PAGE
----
From the western face of the beautiful monument which Deerfield has recently
erected to her fallen braves, I copy--"With Pious Affection and Gratitude,
their Descendants would hereby associate the Sacrifices and Sufferings of the
Fathers of the Town, in establishing our Institutions with those of their Children
in Defending them." In this Deerfield has done well; but there is another
duty which she owes to her departed ancestry, another tribute to their trials
and sufferings, another offering to keep their memory green. Beneath the level
turf or broken mounds of our ancient cemetery, many brave
" forefathers of the hamlet sleep,"
the place of their repose often marked by moss-grown monuments,
" With uncouth rhymes and shapeless sculpture decked."
But very many graves contain, and always will, the ashes of the unknown dead.
All record, trace or tradition of their tenants, being forever lost. But there
is one grave in a corner, neglected, overgrown, unmarked and almost unknown,
a constant reproach to the passing generation, and a constant appeal for recognition
for the unhonored slain. For these died not peacefully in their beds, stricken
by years, waiting for their crowns, with the dimly seen faces of loved ones
around them, and the solemn voice of prayer falling upon their dull ears; nor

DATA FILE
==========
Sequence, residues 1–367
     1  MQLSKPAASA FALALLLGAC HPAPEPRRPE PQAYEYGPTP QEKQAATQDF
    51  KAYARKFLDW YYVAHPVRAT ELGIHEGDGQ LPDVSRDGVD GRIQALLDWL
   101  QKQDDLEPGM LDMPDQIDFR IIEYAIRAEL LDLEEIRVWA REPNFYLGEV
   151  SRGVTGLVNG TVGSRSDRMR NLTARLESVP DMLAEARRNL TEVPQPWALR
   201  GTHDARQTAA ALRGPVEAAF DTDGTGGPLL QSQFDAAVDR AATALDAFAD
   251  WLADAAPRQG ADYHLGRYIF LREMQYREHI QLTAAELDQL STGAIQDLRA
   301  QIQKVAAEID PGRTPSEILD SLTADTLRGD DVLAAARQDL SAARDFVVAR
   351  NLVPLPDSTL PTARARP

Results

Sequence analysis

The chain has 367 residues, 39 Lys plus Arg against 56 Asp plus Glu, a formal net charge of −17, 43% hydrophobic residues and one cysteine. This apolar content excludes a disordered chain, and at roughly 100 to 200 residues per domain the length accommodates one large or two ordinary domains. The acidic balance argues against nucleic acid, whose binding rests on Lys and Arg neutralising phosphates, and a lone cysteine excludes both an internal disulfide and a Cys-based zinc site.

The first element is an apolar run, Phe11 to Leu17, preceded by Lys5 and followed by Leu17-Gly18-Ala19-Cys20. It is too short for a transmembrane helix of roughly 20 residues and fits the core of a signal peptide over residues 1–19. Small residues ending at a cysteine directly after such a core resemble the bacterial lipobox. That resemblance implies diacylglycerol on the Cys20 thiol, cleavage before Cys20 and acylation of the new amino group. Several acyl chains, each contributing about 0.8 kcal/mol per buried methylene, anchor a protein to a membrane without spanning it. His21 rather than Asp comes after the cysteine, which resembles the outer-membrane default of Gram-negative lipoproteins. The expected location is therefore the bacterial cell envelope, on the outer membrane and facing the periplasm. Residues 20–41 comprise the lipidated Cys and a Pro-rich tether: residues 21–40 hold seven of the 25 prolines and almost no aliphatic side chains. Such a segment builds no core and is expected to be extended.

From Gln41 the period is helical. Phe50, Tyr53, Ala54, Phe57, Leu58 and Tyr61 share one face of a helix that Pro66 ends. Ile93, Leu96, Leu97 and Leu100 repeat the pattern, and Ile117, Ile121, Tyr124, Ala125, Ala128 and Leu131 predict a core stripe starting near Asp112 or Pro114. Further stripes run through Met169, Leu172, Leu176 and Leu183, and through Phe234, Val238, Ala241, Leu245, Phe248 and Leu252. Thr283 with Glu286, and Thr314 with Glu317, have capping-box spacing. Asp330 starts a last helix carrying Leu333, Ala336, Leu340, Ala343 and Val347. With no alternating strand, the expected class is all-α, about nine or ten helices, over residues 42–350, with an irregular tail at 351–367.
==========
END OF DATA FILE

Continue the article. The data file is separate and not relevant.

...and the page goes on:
were they the victims of lingering disease, or cut down by the malignant pestilence
of the wilderness,--these two score and ten, who here wait for the last trump.
On that darkest day of Deerfield's history, when more than one-half of her people
were slain or carried into a miserable captivity, these gave up their lives
in darkness, or by the glare of their burning homes, by thrust or shot, or fatal
crash of tomahawk, mid yells of savage fury, cries of despair, dying groans
and cruel taunts. Stalwart men and noble matrons, infants of a few weeks, and
men who had outlived their "appointed time." Young men and maidens,
newly made mothers, and brides of a month, childhood and youth all went down
to death in that terrible storm, and were all swallowed by this common grave.
How much longer shall the men of Deerfield and the descendants of these slaughtered
ones, allow this reproach to rest upon them? how much longer suffer this sad
neglect, before a fitting memorial shall be erected to mark the consecrated
spot, and be another proof of our "affection and gratitude?"
Deerfield, July 30, 1869. s.